That is, the distinction rests on name alone. This works to a degree, though not always; think of Lionel Shriver, JK Rowling (names that don’t reflect a gender) as well as authors who are gender-queer. And it doesn’t work at all if you’re taking into consideration race, ability and sexuality. It is difficult to look at a female name on a book and assess whether or not the author is a member of the LGBTI or queer community or if she has a disability.

It may be easier to distinguish race or ethnicity by a name, but this is fraught territory for a number of reasons, not least because names lie. Then what? In the case of race, do you look up pictures of all authors and assess the colour of their skin? Do you search for non-British sounding names? How do you tell?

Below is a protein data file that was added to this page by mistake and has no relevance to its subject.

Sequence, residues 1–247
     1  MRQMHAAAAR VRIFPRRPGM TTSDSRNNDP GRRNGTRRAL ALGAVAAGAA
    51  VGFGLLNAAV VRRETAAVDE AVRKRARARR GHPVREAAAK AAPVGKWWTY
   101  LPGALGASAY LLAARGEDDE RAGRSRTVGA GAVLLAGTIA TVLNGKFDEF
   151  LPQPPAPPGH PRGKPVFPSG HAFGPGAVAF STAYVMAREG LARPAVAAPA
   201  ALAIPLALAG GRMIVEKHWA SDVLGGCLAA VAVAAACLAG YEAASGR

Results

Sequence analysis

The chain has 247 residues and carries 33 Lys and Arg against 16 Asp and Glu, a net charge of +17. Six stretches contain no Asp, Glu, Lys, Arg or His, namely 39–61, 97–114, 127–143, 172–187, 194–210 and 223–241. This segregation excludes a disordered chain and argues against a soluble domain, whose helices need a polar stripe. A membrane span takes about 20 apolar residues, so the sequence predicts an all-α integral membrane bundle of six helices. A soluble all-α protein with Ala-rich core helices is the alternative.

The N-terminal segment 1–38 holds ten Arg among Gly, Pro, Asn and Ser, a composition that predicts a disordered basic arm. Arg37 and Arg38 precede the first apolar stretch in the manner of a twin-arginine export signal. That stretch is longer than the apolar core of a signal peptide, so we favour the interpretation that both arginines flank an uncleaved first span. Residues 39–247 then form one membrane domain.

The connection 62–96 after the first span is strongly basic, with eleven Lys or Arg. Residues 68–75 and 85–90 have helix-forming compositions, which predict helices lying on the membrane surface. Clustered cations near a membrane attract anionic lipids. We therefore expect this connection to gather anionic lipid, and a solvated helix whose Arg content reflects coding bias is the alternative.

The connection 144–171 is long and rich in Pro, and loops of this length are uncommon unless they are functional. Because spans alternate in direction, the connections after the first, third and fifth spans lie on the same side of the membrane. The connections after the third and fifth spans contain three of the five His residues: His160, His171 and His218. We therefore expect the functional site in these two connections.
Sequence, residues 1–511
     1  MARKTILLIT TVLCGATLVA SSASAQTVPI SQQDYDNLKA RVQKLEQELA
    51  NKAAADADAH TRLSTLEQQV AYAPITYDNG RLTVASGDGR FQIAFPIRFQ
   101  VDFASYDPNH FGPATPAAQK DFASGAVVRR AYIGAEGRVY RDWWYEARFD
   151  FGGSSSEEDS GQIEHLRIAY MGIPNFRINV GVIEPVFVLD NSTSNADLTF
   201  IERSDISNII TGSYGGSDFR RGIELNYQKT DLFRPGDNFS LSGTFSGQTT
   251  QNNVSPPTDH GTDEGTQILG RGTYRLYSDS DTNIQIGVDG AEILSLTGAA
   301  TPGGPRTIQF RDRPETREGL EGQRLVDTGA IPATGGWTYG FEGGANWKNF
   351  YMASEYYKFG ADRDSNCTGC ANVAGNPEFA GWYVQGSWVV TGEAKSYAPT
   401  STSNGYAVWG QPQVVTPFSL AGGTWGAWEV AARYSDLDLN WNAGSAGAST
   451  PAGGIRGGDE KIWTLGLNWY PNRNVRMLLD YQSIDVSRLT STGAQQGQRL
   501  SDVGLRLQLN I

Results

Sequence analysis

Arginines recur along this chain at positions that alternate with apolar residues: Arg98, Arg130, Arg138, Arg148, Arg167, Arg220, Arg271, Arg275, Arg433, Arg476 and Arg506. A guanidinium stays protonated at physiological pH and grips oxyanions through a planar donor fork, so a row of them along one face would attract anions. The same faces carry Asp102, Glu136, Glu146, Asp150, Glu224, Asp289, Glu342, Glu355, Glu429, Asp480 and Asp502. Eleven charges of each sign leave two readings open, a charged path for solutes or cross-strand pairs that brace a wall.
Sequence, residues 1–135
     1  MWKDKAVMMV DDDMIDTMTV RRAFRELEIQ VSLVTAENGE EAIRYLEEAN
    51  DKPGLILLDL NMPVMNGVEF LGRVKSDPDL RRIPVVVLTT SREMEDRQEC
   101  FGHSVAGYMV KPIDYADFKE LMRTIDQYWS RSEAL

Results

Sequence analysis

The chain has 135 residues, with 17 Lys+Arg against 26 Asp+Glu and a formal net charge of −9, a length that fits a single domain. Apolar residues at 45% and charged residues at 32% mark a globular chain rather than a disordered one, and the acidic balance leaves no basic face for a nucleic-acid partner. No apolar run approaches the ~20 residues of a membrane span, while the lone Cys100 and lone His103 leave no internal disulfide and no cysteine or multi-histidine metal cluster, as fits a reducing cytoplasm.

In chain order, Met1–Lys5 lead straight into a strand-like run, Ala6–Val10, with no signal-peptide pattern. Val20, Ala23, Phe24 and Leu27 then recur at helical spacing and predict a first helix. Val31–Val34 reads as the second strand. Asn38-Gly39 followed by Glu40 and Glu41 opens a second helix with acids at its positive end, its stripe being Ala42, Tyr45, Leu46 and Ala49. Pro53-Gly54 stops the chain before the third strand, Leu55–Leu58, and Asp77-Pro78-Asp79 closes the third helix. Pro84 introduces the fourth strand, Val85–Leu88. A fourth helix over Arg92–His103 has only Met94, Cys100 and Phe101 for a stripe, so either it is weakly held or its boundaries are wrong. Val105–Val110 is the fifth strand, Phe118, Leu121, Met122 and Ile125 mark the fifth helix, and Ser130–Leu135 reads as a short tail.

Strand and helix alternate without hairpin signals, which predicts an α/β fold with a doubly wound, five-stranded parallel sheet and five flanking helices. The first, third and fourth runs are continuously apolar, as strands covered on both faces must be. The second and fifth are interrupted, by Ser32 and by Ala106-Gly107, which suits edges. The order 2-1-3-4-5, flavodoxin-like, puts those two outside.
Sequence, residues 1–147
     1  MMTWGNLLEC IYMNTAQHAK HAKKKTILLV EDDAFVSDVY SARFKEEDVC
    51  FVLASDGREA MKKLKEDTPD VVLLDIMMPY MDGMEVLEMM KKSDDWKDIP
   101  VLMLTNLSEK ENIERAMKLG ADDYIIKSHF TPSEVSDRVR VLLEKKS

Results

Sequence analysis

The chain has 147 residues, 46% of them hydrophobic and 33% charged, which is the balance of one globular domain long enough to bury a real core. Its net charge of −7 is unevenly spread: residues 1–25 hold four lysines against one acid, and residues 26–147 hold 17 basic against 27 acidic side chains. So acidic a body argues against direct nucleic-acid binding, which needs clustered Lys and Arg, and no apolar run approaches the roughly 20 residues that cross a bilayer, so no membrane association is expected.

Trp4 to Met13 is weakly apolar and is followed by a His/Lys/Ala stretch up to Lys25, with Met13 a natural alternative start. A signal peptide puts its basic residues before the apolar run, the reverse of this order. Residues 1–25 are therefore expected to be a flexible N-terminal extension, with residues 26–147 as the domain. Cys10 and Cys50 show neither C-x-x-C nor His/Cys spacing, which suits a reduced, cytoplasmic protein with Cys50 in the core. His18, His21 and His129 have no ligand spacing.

So, after much discussion between myself and the Stella Count Coordinator, Veronica Sullivan, we designed a survey for women-identifying authors who had their work reviewed in 2015.

This was long and often difficult work. We set up a public forum for members of the writing community to give their feedback on drafts of the survey and also established a consultative committee, which had input into the final version of the Diversity Survey.

Then, after many months, we sent the survey out to writers. When the results came back they were underwhelming and statistically insignificant. This broke our hearts a little. But then I began to think about why we had such a small uptake from those we’d surveyed.

Too late in the game